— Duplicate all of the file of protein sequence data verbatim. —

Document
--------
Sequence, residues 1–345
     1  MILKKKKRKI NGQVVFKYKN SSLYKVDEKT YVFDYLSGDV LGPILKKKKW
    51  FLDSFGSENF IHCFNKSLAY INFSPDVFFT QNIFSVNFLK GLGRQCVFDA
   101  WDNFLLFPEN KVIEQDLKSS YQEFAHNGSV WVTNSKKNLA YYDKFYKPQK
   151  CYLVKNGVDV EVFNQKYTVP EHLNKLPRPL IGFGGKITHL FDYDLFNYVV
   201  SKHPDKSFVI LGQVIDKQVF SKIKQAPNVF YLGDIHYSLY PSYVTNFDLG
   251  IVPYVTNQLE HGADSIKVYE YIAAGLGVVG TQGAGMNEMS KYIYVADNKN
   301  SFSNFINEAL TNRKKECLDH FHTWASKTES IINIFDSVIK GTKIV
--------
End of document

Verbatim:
Sequence, residues 1–345
     1  MILKKKKRKI NGQVVFKYKN SSLYKVDEKT YVFDYLSGDV LGPILKKKKW
    51  FLDSFGSENF IHCFNKSLAY INFSPDVFFT QNIFSVNFLK GLGRQCVFDA
   101  WDNFLLFPEN KVIEQDLKSS YQEFAHNGSV WVTNSKKNLA YYDKFYKPQK
   151  CYLVKNGVDV EVFNQKYTVP EHLNKLPRPL IGFGGKITHL FDYDLFNYVV
   201  SKHPDKSFVI LGQVIDKQVF SKIKQAPNVF YLGDIHYSLY PSYVTNFDLG
   251  IVPYVTNQLE HGADSIKVYE YIAAGLGVVG TQGAGMNEMS KYIYVADNKN
   301  SFSNFINEAL TNRKKECLDH FHTWASKTES IINIFDSVIK GTKIV